7 things you didn’t know about The Hague

Ah, The Hague. The international city of peace and justice, the home of many international institutions, and the seat of the Dutch government.

Already falling asleep? Us too! Instead, here are seven things about The Hague that you (probably) don’t know!

1. The Hague is tackling food waste in a big way

Food waste is a huge issue in terms of the environment. Over 88 million tons of food waste are generated in Europe each year. The citizens of The Hague are finding cool ways to deal with this.

For example, the Conscious Kitchen makes delicious vegan dinners each Thursday (and some Sundays) from leftover veggies from the Hague Market.

Waste not, want not in The Hague. Image: Unsplash

Meanwhile, Lekkernassuh (Hagenees for “yummy food”) allows you to order a box of veggies from local providers weekly, and they only order the amount people request in advance.

2. The Haagse Bos was used to launch rockets during WWII

During World War II, the Germans used the Haagse Bos (or the Hague forest) as a rocket launching area for their V1 and V2 rockets. The Allies tried to bomb it during the war but accidentally hit the nearby Bezuidenhout district.

Het Herepad in het Haagse Bos (1778). Paulus Constantijn la Fargue/Wikimedia Commons/Public Domain

The bos has an interesting history in other ways: its name gave rise to the word Holland. It was originally called Die Hout, which changed to Houtland, which, as you can see, could (and did) easily morph into Holland.

The forest also closely escaped being completely cut down in the 19th century during the French Occupation.

READ NEXT | 8 of the greatest forests in the Netherlands for a nature escape

3. Nobody knows if it’s a university city by now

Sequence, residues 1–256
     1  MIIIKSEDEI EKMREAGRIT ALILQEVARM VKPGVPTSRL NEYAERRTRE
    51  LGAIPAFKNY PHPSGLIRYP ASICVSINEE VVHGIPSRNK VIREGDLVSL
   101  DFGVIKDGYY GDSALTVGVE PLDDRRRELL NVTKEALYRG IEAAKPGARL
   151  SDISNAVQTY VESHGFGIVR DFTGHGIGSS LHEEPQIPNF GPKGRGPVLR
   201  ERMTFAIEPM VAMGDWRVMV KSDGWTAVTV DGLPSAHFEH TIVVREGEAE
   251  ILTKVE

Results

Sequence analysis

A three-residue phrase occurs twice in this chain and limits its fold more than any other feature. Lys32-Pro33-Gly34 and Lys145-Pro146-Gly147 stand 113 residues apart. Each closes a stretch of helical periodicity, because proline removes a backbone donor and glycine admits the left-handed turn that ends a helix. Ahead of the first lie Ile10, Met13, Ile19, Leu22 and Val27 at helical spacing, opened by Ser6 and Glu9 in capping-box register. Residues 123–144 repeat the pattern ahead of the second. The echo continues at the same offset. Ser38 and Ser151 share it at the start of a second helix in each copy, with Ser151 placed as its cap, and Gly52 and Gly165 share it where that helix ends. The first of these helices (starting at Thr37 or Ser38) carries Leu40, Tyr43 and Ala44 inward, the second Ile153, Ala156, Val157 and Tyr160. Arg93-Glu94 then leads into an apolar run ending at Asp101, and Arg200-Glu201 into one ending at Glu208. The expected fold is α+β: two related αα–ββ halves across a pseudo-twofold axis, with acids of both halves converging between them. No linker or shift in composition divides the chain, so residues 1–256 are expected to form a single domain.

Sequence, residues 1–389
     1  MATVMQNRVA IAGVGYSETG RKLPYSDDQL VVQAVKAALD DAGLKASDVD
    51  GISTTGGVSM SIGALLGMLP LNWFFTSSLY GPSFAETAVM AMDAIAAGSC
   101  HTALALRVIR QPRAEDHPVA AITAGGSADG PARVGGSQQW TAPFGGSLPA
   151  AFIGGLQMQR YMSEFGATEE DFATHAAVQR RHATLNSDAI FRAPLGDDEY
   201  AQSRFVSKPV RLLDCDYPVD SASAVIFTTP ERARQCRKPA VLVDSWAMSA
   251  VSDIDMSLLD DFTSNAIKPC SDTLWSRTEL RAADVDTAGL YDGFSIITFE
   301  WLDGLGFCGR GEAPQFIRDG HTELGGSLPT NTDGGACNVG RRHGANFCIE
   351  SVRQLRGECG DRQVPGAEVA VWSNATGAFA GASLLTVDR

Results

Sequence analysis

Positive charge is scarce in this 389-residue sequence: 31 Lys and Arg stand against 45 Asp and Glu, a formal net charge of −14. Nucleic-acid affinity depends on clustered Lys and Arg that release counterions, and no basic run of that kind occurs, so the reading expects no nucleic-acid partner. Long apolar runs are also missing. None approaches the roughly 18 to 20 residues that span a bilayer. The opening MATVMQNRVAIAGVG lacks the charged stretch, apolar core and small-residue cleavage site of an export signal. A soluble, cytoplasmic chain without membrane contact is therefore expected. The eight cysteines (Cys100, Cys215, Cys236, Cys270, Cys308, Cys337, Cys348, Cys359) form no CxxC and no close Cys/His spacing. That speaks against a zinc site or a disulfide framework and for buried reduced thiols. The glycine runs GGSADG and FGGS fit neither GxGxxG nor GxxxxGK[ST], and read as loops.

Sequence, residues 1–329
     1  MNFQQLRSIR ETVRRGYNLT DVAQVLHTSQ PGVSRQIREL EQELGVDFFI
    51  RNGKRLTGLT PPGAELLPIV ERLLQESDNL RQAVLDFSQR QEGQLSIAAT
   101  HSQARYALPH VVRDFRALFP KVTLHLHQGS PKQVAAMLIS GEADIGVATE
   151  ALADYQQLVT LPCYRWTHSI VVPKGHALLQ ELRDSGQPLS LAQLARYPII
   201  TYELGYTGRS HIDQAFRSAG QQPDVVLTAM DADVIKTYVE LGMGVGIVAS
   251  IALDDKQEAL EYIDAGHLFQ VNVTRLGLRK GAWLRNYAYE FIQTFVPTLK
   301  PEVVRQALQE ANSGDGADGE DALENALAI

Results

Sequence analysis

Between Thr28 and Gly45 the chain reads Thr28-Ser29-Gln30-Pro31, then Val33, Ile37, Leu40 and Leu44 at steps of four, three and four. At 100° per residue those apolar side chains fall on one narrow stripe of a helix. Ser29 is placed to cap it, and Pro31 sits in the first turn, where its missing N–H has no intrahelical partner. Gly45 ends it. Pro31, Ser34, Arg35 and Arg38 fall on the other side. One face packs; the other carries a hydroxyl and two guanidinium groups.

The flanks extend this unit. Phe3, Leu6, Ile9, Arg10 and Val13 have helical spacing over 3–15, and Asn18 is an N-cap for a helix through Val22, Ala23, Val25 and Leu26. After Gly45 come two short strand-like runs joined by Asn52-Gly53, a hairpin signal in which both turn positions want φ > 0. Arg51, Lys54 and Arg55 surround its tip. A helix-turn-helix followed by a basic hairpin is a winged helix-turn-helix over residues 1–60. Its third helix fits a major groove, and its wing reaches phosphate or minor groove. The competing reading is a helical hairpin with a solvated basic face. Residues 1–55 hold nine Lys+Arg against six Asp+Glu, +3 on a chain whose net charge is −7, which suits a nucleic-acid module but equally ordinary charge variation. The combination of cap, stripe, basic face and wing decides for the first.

Leiden University says The Hague is The Netherlands’ fastest-growing student city. Before the arrival of Leiden’s The Hague campus in 2010, The Hague was home to The Hague University of Applied Sciences (Haagse Hogeschool).

Each year, more and more students arrive in The Hague — particularly from outside the Netherlands.

Wijnhaven, where most of Leiden’s The Hague campus is located. Image: Steven Lek/Wikimedia Commons/CC4.0

There are downsides to this: housing is pretty difficult to find, especially in August and September. But students bring The Hague to life, traditionally a suits-and-skyscrapers city.

4. The Hague has got some awesome vintage stores

Possibly due to more and more fashionable-but-poor students arriving in the city, The Hague has quite a selection of vintage and second-hand stores.

With clothes hailing from the 40s till the 90s, it’ll fulfil all your vintage dreams, with the added advantage of reducing the demand for new clothes.

Our favourites are Vintage Island, located on the beautiful Korte Poten, and Vintage Factory in Noordeinde.

The Hague has lots of vintage clothing stores. Image: Pexels

Plus, there’s no better way to explore the city than to wander from shop to shop. Some stores will even have furniture, second-hand books, or records to peruse.

5. Scheveningen isn’t the only beach in The Hague

Everyone has heard of Scheveningen, which is fair enough; it’s a super cute part of the city right by the sea. But there are two other equally gorgeous beaches in The Hague. In my opinion, both are slightly better than Scheveningen for a couple of reasons.

Zuiderstrand is breathtakingly beautiful: as you cycle up to it, you pass dunes covered in wild roses during the summer. It’s also emptier than Scheveningen, even on the hottest days of the year.

What a beach, what a sunset — at Kijkduin. Image: Prasenberg/Wikimedia Commons/Public Domain